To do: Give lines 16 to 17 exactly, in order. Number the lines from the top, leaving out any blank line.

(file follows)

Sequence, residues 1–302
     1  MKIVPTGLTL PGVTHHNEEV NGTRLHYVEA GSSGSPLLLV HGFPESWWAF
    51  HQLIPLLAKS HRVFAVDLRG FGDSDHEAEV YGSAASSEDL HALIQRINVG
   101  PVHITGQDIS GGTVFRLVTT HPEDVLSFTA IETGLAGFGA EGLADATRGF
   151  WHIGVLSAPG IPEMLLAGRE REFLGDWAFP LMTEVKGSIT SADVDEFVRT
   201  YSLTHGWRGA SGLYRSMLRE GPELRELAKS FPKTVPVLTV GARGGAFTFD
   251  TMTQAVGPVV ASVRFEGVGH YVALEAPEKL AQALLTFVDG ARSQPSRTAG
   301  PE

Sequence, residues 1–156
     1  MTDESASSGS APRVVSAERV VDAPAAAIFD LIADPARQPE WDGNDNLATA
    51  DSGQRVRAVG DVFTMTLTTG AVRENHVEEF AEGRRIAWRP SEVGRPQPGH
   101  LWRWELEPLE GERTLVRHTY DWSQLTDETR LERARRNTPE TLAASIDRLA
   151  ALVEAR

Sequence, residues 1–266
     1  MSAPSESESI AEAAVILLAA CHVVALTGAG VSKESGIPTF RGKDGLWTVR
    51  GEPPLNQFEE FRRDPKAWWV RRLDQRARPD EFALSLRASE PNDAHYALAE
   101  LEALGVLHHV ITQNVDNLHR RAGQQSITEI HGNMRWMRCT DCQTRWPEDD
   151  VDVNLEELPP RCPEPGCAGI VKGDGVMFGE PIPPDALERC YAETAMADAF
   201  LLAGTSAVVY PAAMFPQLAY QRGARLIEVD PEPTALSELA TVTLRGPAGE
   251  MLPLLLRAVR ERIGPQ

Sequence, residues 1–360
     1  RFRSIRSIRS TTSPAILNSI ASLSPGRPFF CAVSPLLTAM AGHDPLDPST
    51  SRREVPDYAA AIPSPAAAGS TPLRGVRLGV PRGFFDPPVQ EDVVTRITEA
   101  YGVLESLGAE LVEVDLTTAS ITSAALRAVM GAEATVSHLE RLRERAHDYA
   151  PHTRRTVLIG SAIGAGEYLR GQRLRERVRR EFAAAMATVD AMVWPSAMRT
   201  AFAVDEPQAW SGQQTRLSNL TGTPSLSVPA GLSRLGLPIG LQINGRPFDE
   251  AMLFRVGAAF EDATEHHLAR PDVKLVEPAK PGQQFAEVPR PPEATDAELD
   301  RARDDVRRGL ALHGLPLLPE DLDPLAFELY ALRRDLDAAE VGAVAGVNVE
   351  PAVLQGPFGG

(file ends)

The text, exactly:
    51  GEPPLNQFEE FRRDPKAWWV RRLDQRARPD EFALSLRASE PNDAHYALAE
   101  LEALGVLHHV ITQNVDNLHR RAGQQSITEI HGNMRWMRCT DCQTRWPEDD